EPA 1-18-2017 citing a failure by DWR & Reclamation to address previous REIR_EIS deficiencies, finds the lates FEIR_EIS inadequate, citing deficiencies to address water quality impacts, drinking water quality and critical flows for endangered salmon and other fish and wildlife.
UNITED STATES ENVIRONMENTAL PROTECTION AGENCY
7S Hawthorne Street
San Francisco, CA 94105-3901
January 18, 2017
David Murillo, Regional Director
Bureau of Reclamation, Mid-Pacific Region
2800 Cottage Way, MP-700
Sacramento, CA 95825
Subject: Final Environmental Impact Statement for the Bay Delta Conservation Plan/California WaterFix CEQ# 20160318
Dear Mr. Murillo:
The U.S. Environmental Protection Agency has reviewed the Bay Delta Conservation Plan/California WaterFix Final Environmental Impact Statement (FEIS) pursuant to the National Environmental Policy Act (NEP A), Council on Environmental Quality regulations (40 CFR Parts 1500-1508), and our NEP A review authority under Section 309 of the Clean Air Act.
The WaterFix project evolved from the Bay Delta Conservation Plan (BDCP), which was proposed as a Habitat Conservation Plan (HCP) to support the issuance of a 50-year incidental take permit under Section 10 of the Endangered Species Act (ESA). EPA’s August 26, 2014 comments on the Draft EIS for the BDCP detailed our significant concerns with that proposal and its potential adverse impacts on water quality and aquatic life in the Bay Delta. We withheld our rating due to the lead agencies’ commitment to produce a Supplemental Draft EIS. In April 2015, the Bureau of Reclamation (Reclamation) and California Department of Water Resources (DWR) announced fundamental changes to the proposed project and changed its name from BDCP to the California WaterFix. The WaterFix project focuses on the construction and operation of proposed new water export intakes on the Sacramento River to divert water into a 35-mile twin tunnel conveyance facility.
In our October 30, 2015 review of the SDEIS, we noted that the proposed WaterFix project continued to predict significant adverse impacts to the Delta and its resources. As we reiterated in that letter, the most essential decision for achieving the desired balance of water reliability and restoration ofthe Bay Delta ecosystem is how freshwater flows through the Delta will be managed. We noted that decisions regarding appropriate flow management are being deferred, pending future regulatory actions by multiple state and federal agencies that will detennine operational parameters important to the evaluation of the project’s impacts. Because information was not available for a complete evaluation of environmental impacts, we found the SDEIS to be inadequate.
The FEIS provides a modified statement ofthe purpose of the federal action, no longer mentioning construction. It clarifies that the purpose of the Reclamation’s proposed action is “to improve movement of water entering the Delta from the Sacramento Valley watershed to existing Central Valley Project (CVP) and State Water Project (SWP) pumps in the south ofthe Delta in a manner that minimizes or avoids adverse effects to listed species, supports coordinated operation with the SWP, and is consistent with the Project Objectives”, which include ecosystem restoration and “delivery of up to full contract amounts of CVP Project water” when conditions are such that sufficient water is available. This purpose would be accomplished by adjusting the operations of the CVP, specific to the Delta, to accommodate new conveyance facility operations and flow requirements. As explained in the joint document, DWR intends to pursue construction of dual, 40-foot diameter, 35-mile long tunnels under the Sacramento-San Joaquin Delta to provide such conveyance.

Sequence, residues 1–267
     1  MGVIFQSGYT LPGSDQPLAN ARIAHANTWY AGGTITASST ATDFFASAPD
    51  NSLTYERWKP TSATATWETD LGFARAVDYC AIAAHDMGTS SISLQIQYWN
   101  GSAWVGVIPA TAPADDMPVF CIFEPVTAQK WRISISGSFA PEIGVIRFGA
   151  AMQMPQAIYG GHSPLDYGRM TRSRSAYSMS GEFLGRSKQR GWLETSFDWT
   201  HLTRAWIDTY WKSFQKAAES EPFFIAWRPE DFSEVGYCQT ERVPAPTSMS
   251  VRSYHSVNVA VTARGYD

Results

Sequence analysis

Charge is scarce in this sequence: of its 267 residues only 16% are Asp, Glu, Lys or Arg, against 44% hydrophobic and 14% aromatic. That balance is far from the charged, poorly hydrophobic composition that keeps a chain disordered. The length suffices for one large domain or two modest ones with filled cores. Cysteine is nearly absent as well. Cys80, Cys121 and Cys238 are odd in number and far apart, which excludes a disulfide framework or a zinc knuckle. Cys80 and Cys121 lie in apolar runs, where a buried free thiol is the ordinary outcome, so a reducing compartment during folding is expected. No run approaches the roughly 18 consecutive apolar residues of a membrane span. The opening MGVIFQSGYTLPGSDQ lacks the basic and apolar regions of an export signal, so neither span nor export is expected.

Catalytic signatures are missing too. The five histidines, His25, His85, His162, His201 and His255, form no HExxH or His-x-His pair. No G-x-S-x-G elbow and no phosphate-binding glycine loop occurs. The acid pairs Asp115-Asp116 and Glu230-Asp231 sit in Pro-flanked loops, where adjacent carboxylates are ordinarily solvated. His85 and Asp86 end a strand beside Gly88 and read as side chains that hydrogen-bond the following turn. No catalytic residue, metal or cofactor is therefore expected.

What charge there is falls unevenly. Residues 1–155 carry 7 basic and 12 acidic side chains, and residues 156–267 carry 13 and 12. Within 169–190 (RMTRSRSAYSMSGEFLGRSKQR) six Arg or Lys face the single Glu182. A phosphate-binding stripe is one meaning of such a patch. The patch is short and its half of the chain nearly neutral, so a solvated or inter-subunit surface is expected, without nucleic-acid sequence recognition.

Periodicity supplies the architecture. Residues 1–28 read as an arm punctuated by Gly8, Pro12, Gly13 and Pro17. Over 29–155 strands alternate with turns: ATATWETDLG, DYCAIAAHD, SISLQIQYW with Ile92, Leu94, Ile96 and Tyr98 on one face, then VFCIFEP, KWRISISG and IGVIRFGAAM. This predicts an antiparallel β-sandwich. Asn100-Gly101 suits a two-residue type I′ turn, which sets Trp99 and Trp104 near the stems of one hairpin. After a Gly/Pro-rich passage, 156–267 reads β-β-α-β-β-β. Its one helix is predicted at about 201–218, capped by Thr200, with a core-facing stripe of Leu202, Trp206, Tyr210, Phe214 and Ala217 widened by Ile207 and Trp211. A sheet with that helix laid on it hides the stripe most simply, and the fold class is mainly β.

To date, none of the regulatory processes mentioned in our SDEIS letter have been completed. The impact analysis in the FEIS is based on updated modeling that more accurately reflects the proposed project operations to the limited extent that they can be predicted at this time, and an appendix to the document includes information from the Biological Assessment. Nevertheless, the FEIS continues to predict that water quality for municipal, agricultural, and aquatic life beneficial uses will be degraded and exceed standards as the western Delta becomes more saline. Significantly, the FEIS’ conclusions regarding impacts to aquatic life remain unchanged from those in the SDEIS, predicting substantial declines in quantity and quality of aquatic habitat for 15 of 18 fishes evaluated under WaterFix preferred operations.
Because the operations proposed in the FEIS do not reflect the real world operational scenarios likely to be generated by the aforementioned regulatory processes, the amount of water that will actually be available for diversion through the proposed conveyance facilities may differ significantly fi’om what was assumed for purposes of the EIS/EIR. We continue to recommend that the federal and state lead agencies for WaterFix carefully consider such reasonably foreseeable operational constraints to ensure that the project is appropriately designed and operated to achieve the aforementioned balance and avoid
unnecessary costs and environmental impacts.
EPA remains committed to working with our federal and state paliners on actions to restore and protect the Bay Delta ecosystem and the communities that depend upon it. If you have any questions, please contact me at 415-972-3873. Alternatively, your staff may contact Stephanie Gordon, lead reviewer of the FEIS, at 415-972-3098.
Kathleen H. Johnson
Director, Enforcement Division
Here is the Original Doc: 1-18-17-BDCP-CWF-epa-comments.pdf